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How Social Media Exploits Our Moral Emotions (nautil.us)
54 points by dnetesn 7 months ago | hide | past | web | favorite | 10 comments

While social networks should make improvements to facilitate healthier communication, mean comments and pitchforking is not exclusive to social networks in any way.

If you were on a forum and said a racist comment like the one in the article, if people didn't like it you would probably be put on blast and have ruined your reputation on that forum as well. Difference is that it's not your face. If you feel like it's okay to say racist things, you probably are not going to realize your mistake unless called out by someone.

So to me it seems like social media is just piggybacking on the proclivity of people's desire to be seen and heard.

Except social media is engineered to make everyone a public figure, so you aren't just going to be rebuked by the crowd; your family and employment get targeted.

This is why social networks in their current form are a lousy way of expressing original thought. Even if you don't say things particularly controversial, if they're not in line with the lowest common denominator, the chance you'll see any legitimate engagement is slim.

Forums, on the other hand, are largely anonymous. You'll definitely be put on blast for what you say, but the inherent anonymity helps to deter the angry crowd from shutting down conversation by default. Of course, it depends on who is running the forum. Reddit, as much of a cesspool as parts of it are, is a modern example of how anonymity leads to far more productive conversation than one may ever see on the likes of Facebook or Twitter. Yes, Reddit shuts down subreddits it doesn't like on occasion, but it's overall more hospitable to an exchange of ideas. Good luck having those same conversations on social media, even if you manage to use a pseudonym.

I'm honestly sick of people wanted to be heard. Almost nobody has anything interesting to say. It's all noise for attention. Just like my post here I guess.

That and people being enraged by just about everything. There's a lot in the world to be troubled by, but to always have visceral reactions towards things happening around the world must be taxing on one's health. I don't think a day goes by where I don't see a post by someone making a banal statement about some issue... and I'm supposed to "like" that they've managed to think the same things millions of average Joes and Janes already believe.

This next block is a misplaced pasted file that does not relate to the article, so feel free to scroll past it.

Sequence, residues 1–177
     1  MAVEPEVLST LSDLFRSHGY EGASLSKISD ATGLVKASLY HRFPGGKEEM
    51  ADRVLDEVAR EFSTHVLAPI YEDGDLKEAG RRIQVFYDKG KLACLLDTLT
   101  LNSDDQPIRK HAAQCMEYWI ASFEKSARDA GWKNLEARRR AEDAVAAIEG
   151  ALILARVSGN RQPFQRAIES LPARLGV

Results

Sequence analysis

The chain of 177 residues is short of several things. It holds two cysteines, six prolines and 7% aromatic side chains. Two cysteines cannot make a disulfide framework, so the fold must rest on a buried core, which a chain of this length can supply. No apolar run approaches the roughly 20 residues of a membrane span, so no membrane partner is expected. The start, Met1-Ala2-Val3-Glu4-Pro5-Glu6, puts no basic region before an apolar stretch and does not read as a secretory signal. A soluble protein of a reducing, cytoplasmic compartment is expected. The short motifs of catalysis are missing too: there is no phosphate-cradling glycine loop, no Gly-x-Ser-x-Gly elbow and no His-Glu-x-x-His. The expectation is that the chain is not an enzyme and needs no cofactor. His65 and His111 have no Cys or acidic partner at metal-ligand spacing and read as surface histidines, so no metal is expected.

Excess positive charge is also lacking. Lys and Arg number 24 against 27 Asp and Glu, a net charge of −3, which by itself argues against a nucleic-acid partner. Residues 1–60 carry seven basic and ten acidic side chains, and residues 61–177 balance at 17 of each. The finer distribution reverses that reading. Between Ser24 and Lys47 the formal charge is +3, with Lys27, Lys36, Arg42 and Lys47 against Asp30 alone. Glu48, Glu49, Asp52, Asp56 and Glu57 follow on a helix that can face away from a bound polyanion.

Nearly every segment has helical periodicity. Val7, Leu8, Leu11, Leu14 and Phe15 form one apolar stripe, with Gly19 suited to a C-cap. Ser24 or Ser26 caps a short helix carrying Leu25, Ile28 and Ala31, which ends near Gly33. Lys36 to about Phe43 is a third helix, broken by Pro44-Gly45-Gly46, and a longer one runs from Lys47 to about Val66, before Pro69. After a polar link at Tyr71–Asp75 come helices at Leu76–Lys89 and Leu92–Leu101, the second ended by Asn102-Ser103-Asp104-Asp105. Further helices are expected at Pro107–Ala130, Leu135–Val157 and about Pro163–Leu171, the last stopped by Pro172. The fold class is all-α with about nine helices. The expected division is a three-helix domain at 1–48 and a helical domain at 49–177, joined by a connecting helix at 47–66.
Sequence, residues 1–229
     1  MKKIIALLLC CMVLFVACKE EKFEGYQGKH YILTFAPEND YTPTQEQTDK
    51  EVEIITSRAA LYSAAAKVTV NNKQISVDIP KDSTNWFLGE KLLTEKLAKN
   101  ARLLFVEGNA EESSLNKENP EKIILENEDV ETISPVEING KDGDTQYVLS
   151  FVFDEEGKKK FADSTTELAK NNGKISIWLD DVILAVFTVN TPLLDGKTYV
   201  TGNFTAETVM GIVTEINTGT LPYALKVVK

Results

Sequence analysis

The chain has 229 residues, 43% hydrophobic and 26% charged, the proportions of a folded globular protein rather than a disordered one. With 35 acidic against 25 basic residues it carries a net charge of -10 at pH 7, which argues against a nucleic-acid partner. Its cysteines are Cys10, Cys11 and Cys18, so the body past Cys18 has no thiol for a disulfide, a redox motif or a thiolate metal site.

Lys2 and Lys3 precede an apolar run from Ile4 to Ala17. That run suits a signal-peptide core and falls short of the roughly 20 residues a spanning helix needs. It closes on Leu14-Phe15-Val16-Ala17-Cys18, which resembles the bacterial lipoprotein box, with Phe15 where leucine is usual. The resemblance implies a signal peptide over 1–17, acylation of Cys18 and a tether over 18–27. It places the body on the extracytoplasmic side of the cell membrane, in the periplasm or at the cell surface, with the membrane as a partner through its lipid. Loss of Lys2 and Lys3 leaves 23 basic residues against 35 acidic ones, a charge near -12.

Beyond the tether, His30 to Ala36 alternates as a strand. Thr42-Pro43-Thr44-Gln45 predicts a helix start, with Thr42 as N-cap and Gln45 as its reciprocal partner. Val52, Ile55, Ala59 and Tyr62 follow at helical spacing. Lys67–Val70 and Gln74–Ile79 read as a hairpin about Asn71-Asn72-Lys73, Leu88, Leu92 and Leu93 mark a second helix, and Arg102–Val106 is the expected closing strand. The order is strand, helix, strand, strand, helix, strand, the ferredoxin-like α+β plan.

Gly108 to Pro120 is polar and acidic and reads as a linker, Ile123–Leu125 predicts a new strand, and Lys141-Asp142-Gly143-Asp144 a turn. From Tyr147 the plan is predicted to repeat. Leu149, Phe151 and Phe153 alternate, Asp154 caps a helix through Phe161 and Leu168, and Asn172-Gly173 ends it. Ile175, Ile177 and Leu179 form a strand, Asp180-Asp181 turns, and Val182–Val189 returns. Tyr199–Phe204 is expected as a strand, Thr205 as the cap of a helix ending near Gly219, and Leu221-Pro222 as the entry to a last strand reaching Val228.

People wanting to be heard and feeling part of a community is a basic human need. We receive it in many different ways, and while social media is not always the healthiest way, it is one of them. People become depressed without being heard.

That makes me think a little bit differently about filter bubbles. Filter bubbles aren't new. They're just changing from physical proximity into ideological or emotional response (as best as an algorithm can tell) proximity.

Great TED talk on the original twitter kerfuffle referenced in the article:


CGP Grey's take on how outrage is used to exploit us through social media: (Yes, I link this often, because the message is valuable.)


A good rule for using social media responsibly: When you wish to express yourself, consider if your self-expression is of value to the people who hear it. If you are encouraging other people to be angry, it probably isn't.

I would agree with one caveat: focusing anger at causes of human suffering is A-OK.

Although, maybe it's too hard to efectively generalize social media usage like that.

Is it possible to design a system that can ONLY be used responsibly? At lease in matters of expression?

> Many social media companies now appear to agree with Brady and are making efforts to address some of the concerns that research like his raises. Twitter, for example, recently announced an open call for proposals on how to improve “conversational health” on its platform. And last October, Reddit rolled out a more robust policy for actively monitoring its discussion boards.

Those initiatives weren't designed to lessen the "exploitation of moral emotions", they were designed to give preference towards the extreme moral emotions of a particular world view.

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